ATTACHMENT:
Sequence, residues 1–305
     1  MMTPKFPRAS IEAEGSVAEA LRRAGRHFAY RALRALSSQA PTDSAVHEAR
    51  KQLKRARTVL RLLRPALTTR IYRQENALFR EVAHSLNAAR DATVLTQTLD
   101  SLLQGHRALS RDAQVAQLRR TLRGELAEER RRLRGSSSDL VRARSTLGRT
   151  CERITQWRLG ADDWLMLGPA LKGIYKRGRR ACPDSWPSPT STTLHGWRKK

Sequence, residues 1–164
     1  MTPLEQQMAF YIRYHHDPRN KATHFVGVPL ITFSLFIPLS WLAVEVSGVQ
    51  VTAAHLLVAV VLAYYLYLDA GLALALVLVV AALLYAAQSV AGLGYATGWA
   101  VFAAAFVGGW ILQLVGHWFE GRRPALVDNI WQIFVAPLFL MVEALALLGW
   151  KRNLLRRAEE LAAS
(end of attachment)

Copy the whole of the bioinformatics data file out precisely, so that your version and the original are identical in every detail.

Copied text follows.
Sequence, residues 1–305
     1  MMTPKFPRAS IEAEGSVAEA LRRAGRHFAY RALRALSSQA PTDSAVHEAR
    51  KQLKRARTVL RLLRPALTTR IYRQENALFR EVAHSLNAAR DATVLTQTLD
   101  SLLQGHRALS RDAQVAQLRR TLRGELAEER RRLRGSSSDL VRARSTLGRT
   151  CERITQWRLG ADDWLMLGPA LKGIYKRGRR ACPDSWPSPT STTLHGWRKK

Sequence, residues 1–164
     1  MTPLEQQMAF YIRYHHDPRN KATHFVGVPL ITFSLFIPLS WLAVEVSGVQ
    51  VTAAHLLVAV VLAYYLYLDA GLALALVLVV AALLYAAQSV AGLGYATGWA
   101  VFAAAFVGGW ILQLVGHWFE GRRPALVDNI WQIFVAPLFL MVEALALLGW
   151  KRNLLRRAEE LAAS